One-liner: United Airlines stated it is ordering 200 Boeing Max jets and 70 Airbus planes so it can replace some of its aging planes and grow after the pandemic eases.
Speculated prices: At list prices, the deal would be worth more than $30bn, although airlines routinely get deep discounts, sometimes more than half, according to analysts. United declined to disclose terms.
Promising future: It is one of the largest orders ever for commercial planes and highlights that airlines are optimistic that demand will return to pre-pandemic levels.
Boost for manufacturers: It is also, of course, a major boost for the world’s two main aircraft makers, especially Boeing. The Chicago-based company saw orders plummet after Max jets were grounded due to two deadly crashes. The pandemic also has hurt sales.
Speculation: “Boeing needs to play a bit of catch-up, and so it likely gave United a steep discount,” George Dimitroff, an analyst with Ascend said. He further said pricing is likely to get steeper here on it and United likely got the last good deal.
Employment generation: United claims the orders will create 25,000 jobs over several years, although executives did not describe how they arrived at that figure. The airline has about 68,000 employees now.
The full range: United said it ordered 50 Max 8 jets, 150 slightly larger Max 10s, and 70 Airbus A321neos, which are larger still and usually seat 220 passengers in economy and premium.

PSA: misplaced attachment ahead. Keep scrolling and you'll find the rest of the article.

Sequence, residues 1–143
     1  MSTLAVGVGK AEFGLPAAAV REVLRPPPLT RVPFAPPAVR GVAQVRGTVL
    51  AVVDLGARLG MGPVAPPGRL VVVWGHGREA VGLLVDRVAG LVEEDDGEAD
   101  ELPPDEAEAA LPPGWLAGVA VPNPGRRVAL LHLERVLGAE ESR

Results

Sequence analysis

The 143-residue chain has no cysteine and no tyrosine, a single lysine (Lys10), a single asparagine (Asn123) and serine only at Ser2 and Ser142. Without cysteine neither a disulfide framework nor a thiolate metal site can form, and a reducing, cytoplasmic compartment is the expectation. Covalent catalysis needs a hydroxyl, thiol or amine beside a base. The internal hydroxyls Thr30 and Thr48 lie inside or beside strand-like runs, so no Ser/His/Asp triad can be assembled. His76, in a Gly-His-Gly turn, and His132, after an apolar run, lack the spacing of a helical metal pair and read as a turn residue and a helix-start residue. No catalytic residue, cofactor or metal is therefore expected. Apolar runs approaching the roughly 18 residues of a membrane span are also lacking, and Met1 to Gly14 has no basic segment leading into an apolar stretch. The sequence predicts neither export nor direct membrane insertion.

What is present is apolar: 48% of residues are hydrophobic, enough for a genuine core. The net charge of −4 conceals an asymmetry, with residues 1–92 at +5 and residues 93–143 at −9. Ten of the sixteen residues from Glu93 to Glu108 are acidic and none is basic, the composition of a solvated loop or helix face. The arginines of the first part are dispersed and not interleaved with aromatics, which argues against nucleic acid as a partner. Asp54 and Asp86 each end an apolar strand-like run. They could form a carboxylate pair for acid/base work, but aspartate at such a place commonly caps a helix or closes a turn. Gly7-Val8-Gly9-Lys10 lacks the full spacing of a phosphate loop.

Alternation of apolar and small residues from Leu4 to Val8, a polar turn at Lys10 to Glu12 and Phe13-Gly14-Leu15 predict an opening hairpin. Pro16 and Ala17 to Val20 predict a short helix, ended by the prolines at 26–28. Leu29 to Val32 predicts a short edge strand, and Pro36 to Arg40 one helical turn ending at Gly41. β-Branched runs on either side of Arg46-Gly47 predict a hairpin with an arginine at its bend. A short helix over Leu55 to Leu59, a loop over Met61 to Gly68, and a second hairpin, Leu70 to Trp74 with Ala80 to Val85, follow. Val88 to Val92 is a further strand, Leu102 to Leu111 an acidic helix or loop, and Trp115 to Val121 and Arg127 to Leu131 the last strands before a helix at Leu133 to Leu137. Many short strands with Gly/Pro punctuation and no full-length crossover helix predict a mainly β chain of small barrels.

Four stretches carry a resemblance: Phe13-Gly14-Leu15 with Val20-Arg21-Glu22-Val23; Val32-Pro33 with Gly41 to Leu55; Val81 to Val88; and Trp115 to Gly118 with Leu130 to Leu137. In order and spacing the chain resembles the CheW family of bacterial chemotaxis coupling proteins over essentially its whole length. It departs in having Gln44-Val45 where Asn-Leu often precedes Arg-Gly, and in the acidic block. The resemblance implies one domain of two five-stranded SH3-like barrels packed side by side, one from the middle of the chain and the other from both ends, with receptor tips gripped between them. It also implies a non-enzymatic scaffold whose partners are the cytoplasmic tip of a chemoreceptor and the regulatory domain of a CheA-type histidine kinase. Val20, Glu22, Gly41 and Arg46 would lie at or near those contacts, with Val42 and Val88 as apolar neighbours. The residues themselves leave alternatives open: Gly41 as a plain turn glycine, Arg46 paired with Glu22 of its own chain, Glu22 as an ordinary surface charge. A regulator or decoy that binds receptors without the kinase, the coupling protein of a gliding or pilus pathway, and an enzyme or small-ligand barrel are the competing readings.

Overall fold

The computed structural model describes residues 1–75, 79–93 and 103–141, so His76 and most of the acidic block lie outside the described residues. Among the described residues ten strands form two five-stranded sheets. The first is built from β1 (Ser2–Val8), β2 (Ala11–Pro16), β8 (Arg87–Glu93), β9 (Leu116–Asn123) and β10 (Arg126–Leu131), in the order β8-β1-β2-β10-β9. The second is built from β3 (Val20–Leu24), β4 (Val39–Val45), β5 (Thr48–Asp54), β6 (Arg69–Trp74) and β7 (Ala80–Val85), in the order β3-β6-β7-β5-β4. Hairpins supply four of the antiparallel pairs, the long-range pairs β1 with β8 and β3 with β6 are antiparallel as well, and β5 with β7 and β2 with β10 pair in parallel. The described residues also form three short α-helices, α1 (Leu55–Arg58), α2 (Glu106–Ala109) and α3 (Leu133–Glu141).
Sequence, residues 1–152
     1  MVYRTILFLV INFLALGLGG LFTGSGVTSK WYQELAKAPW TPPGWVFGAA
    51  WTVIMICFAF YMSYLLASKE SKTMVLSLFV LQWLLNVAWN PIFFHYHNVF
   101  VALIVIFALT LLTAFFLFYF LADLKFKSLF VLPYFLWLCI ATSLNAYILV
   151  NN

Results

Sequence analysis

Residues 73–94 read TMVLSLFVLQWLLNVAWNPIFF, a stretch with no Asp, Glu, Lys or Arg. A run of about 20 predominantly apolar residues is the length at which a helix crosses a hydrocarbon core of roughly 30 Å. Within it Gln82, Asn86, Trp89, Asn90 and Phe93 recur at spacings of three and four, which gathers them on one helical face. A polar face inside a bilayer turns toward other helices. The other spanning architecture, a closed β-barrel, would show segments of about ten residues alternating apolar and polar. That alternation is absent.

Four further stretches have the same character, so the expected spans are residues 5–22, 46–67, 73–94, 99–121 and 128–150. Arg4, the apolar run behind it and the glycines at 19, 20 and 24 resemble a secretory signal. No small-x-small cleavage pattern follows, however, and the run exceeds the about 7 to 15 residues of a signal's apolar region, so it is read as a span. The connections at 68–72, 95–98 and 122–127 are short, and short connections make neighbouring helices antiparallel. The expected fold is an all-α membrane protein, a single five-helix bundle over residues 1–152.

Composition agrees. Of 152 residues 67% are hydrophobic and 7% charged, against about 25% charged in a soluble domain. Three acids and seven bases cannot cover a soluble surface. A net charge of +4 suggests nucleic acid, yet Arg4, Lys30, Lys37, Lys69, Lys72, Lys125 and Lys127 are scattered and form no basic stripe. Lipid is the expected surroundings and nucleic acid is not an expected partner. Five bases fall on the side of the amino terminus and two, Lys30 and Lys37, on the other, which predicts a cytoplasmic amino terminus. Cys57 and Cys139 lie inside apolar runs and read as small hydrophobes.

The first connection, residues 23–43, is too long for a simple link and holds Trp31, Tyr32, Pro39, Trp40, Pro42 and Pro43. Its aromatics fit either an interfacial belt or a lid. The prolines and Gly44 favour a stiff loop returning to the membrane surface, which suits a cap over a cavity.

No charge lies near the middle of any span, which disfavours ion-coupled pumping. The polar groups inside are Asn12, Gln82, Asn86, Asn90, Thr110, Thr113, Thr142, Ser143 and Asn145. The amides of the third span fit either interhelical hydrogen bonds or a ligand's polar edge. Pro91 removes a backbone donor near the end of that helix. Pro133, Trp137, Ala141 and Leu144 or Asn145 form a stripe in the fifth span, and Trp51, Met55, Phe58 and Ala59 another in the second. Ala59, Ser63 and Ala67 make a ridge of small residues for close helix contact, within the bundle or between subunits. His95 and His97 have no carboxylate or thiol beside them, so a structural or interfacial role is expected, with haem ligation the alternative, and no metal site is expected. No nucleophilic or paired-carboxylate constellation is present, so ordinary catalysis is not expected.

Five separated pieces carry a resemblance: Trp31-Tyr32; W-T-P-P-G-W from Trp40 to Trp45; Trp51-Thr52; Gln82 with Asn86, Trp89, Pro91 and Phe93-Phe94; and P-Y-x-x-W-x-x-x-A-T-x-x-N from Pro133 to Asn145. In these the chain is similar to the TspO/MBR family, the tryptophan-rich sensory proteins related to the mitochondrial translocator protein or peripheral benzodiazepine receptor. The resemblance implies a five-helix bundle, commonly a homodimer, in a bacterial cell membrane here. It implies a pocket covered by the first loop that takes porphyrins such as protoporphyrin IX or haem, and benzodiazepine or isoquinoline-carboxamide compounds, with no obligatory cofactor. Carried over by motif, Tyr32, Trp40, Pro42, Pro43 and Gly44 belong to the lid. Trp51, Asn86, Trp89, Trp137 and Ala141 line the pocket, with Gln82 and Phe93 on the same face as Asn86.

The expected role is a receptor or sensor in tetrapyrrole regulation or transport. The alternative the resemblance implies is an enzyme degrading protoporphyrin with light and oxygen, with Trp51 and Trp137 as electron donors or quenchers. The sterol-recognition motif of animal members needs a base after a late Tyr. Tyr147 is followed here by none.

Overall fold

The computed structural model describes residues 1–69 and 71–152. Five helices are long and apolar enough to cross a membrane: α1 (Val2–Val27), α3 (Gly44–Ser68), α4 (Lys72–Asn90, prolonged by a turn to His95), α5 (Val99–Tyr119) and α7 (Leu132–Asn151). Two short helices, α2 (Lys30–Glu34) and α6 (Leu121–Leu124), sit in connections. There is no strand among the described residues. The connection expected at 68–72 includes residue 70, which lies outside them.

Strategic play: The larger Airbus planes will be particularly valuable in San Francisco and Newark, New Jersey, where limited runways prevent United from adding more flights, said Andrew Nocella, United’s chief commercial officer.
Early retirement: About 300 of the planes will replace jets that United plans to retire by 2026, including most of its Boeing 757s, while 200 will be used for growth, Nocella said.
International route planes: Although the planes in the new order are all narrow, single-aisle jets designed for domestic flying, United also has pending orders for so-called widebody planes used on international routes, in anticipation for 2022 which is speculated to be a record year for US-Europe travel.
On the rise: US air travel has been slowly recovering since April 2020, when it dove below 100,000 people a day, equivalent to the 1950s level of flying.
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